…A major rethink of the role of surrogates in medicine is timely. Routinely approving and prescribing therapies on the basis of their effects on someone’s numbers, rather than their health, is increasingly seen as irresponsible and dangerous. And even when evidence suggests clinical benefits of popular “preventive” medicines for those at lower risks, a rational assessment reveals many people must be treated to prevent one adverse event, so most users gain no direct benefit despite years of treatment.
…The magic of numbers may help corporate profits and professional pride, but at what cost to the health of ordinary people who mistake a numerical benefit for a genuine one? Surely it’s time to ask if there might be a healthier new model for medicine based on far less harmful and costly ways to try to reduce human suffering.”
A Swedish revolution
In Sweden there is an increasing understanding that meat, eggs and dairy products have nothing to do with atherosclerosis or heart disease. The story began the year 2005. Lars Erik Litsfeldt, a Swedish lawyer contacted me to tell me about his success with a lowcarb, high fat (LCHF) diet. A few years earlier he was an overweight diabetic with heart problems, but after a few days on the LCHF diet his blood sugar became normal and he could stop his medication, and a few months later, his body weight was back to normal. Our discussions about fat and cholesterol inspired him to wrote a book “Fettskrämd” (Scared by fat).
The same year a book was published by Sten Sture Skaldeman, a journalist, who had almost halved his body weight (141 kg; 311 lb) by eating a LCHF diet. He had followed the usual dietary recommendations in vain; his body weight increased more and more. When he got diabetes and heart failure he realised that his life could end very soon and he therefore decided to eat the food he enjoyed the most, eg. fat food. To his surprise he noted that week after week he lost weight and all his ailments disappeared.
However, what really created attention was what happened to Annika Dahlquist, a general practitioner in Northern Sweden. When she experienced the same benefit on herself from this diet, she started recommending it to her patients as well. Two local dieticians accused her for misconduct and reported her to The National Board of Health and Welfare (Socialstyrelsen), and her chief prohibited her from giving dietary advice. However, two years later The National Board acquitted Annika; although her dietary advice went contrary to the official guidelines, as they wrote, they were supported by science.
Annika wrote a book herself, which became a blockbuster. Today every Swede knows Annika Dahlquiost and her message. She has appeared in several television shows and she has given numerous lectures for lay people all over the country She has been followed by another general practitioner, Andreas Eenfeldt, who has written a blockbuster book as well and started an LCHF blog that has become the largest health blog in Sweden.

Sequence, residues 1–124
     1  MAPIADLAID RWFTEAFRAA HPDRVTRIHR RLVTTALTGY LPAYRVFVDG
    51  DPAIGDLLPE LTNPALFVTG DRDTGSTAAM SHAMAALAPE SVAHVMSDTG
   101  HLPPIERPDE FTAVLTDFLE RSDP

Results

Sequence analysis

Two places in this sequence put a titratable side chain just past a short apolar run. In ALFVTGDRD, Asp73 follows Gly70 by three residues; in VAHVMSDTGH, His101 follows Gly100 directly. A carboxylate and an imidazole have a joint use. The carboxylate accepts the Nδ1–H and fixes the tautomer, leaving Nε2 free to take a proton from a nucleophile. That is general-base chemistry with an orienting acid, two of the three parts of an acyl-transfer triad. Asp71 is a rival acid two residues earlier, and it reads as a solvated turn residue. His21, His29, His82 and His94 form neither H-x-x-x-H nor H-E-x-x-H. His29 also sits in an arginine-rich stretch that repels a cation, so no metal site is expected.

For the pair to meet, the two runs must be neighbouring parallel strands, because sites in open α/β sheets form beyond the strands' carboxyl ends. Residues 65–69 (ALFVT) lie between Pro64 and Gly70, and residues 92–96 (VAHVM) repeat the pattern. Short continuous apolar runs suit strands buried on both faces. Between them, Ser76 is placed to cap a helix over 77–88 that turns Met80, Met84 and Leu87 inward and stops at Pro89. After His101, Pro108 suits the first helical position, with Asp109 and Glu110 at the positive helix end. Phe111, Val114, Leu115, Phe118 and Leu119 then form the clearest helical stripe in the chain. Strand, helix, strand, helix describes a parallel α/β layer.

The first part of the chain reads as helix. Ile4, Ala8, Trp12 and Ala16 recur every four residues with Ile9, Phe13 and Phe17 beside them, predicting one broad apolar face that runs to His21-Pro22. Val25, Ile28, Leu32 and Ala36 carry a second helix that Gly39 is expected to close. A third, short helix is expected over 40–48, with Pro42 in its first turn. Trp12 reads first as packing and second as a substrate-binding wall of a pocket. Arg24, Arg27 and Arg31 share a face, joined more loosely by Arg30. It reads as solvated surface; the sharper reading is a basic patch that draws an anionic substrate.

Together with eight colleagues I have backed up the LCHF movement by criticizing The National Food Administration for giving unhealthy dietary advices, both in the newspapers and in the Swedish medical press. Here is an excerpt from my book “Ignore the Awkward!” about one of our papers, published in Dagens Medicin, a popular medical newspaper:
“Recently, the Swedish Food Administration published a list of seventy-two studies, which they claimed were in support of their warnings. Together with eleven colleagues I scrutinized the list and what we found was the following: Eleven studies did not concern saturated fat at all.
Sixteen studies were indeed about saturated fat, but they were not in support.
Three reviews had ignored all contradictory studies.
Eleven studies gave partially or doubtful support.
Eight studies were reviews of experiments, where the treatment included not only a ‘healthy’ diet, but was combined with weight reduction, smoking cessation and physical exercise. So how did they know whether the small effect was due to less saturated fat or to something else? Furthermore, all of them had excluded several trials with a negative outcome.
Twenty-one studies were about surrogate outcomes. In most of the studies the authors claimed that saturated fat raises cholesterol. We should note that high cholesterol is not a disease.
Twelve studies were listed because they had shown that people on a diet, which included a high proportion of saturated fat and little carbohydrates, reacted more slowly to insulin than normally. From that observation, the authors claimed that saturated fat causes diabetes, but decreased insulin sensitivity is a normal reaction. When you cut the intake of carbohydrates radically, your metabolism is changed to spare blood glucose and it works by reducing your insulin sensitivity. That saturated fat produces diabetes is also contradicted by several experiments on patients with early or manifest type 2 diabetes. They have shown, that a diet with much saturated fat and little carbohydrates normalises the level of blood sugar and insulin and many of the patients are able to stop their medication.
Another contradiction is, that for many years the consumption of saturated fat has decreased in many countries, while during the same time period we have seen a steady increase in the incidence of type 2 diabetes.”
I assume that you are curious to know how the Swedish Food Administration responded to our criticism. They did respond, but we couldn’t find an answer to our questions about saturated fat. Indeed, we could not even find the term saturated fat in their text. Instead you could read statements such as:
Our dietary guidelines are based on science… they are a synthesis of thousands of studies… they are based on the WHO guidelines.
According to a recent poll almost 25% of the Swedish population has changes their dietary habits in the LCHF direction and in today´s local newspaper you could read that there is lack of butter in all districts in Sweden.